Plant This: Purple prickly pear adds rich winter color


Photos of rich-purple pads on a spineless prickly pear called ‘Santa Rita’ sent me running to the nurseries about 10 years ago. I came home with this, a purple prickly pear I thought was ‘Santa Rita’ but now believe to be Opuntia macrocentra. What’s the difference? Long spines, for one thing. O. macrocentra sports white spines the length of sewing needles on its upper pads.


Also, its purple coloring isn’t as intense or beautiful as the coveted ‘Santa Rita’. Still, the colorful pads are striking, especially in winter, when the purple intensifies.


I planted mine in this purple pot nearly a decade ago and have done nothing to it since but watch it grow. It soaks up blazing full sun on the deck all summer. It remains outdoors all winter, no matter how cold it gets. That’s how tough it is. Even so, it’s looking a bit ragged lately, and I believe I’ll repot it this spring to give it a boost.


In April, purple prickly pear puts out a handful of splendid, tissue-petaled yellow flowers with deep-red centers.


A glorious surprise, don’t you think?

Note: My Plant This posts are written primarily for gardeners in central Texas. The plants I recommend are ones I’ve grown myself and have direct experience with. I wish I could provide more information about how these plants might perform in other parts of the country, but gardening knowledge is local. Consider checking your local online gardening forums to see if a particular plant might work in your region.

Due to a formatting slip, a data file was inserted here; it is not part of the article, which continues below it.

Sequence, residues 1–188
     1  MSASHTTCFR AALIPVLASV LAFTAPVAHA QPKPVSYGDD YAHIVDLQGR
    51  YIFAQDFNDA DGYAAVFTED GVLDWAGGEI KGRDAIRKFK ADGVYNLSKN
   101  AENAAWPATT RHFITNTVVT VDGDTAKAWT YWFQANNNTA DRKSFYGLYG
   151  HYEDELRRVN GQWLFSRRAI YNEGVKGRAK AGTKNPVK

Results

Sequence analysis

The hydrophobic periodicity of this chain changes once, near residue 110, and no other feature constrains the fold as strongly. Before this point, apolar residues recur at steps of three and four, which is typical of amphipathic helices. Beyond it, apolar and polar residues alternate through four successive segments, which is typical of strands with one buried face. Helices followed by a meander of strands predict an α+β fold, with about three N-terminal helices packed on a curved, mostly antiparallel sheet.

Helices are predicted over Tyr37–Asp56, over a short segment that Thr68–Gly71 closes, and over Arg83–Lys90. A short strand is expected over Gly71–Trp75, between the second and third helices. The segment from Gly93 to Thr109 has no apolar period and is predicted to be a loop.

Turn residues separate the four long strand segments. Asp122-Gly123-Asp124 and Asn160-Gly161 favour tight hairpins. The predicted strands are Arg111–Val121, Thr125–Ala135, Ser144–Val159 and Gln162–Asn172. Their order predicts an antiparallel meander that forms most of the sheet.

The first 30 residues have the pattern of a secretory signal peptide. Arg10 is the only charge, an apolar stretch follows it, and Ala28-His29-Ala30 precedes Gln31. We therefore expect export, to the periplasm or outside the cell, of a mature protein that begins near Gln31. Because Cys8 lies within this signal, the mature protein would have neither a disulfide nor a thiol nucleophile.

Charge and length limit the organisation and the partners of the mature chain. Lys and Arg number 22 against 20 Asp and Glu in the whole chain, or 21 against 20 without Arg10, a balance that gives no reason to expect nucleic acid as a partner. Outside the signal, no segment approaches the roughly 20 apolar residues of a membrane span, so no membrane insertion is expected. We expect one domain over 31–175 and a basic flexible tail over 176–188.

All material © 2006-2016 by Pam Penick for Digging. Unauthorized reproduction prohibited.

Plant This: Grapes gomphrena


Since first planting it at Green Hall Garden in 2008, I’ve known this delicately branching gomphrena cultivar as ‘Grapes’, but it also goes by ‘Little Grapes’, ‘Itsy Bitsy’, and airy bachelor’s buttons. By any name, it’s a moderately reliable perennial in my fall garden, sometimes remaining in bloom well into a mild winter — like this year, still blooming in mid-January.


Its airy, slim-branching form resembles Verbena bonariensis. The singly held magenta flowers are about the size of a pencil eraser, or perhaps mouse-sized pom-poms.


Normally a freeze would have browned the leaves and bleached the flowers by now, but this year it’s still adding rich color to a part-shade bed beneath a crepe myrtle, where it combines nicely with variegated flax lily (Dianella tasmanica ‘Variegata’) and iris foliage. The leaves, you’ll notice, have colored up with a tinge of magenta too.


In its prime, in October and November, its green leaves contrast well with silver-leaved plants. I tried it with gray globemallow (Sphaeralcea incana) once, and loved the combo, but the globemallow didn’t thrive in the part-sun bed I’d planted it in. I believe that ‘Grapes’, like other gomphrenas, would probably take full sun in our climate, but I can’t confirm.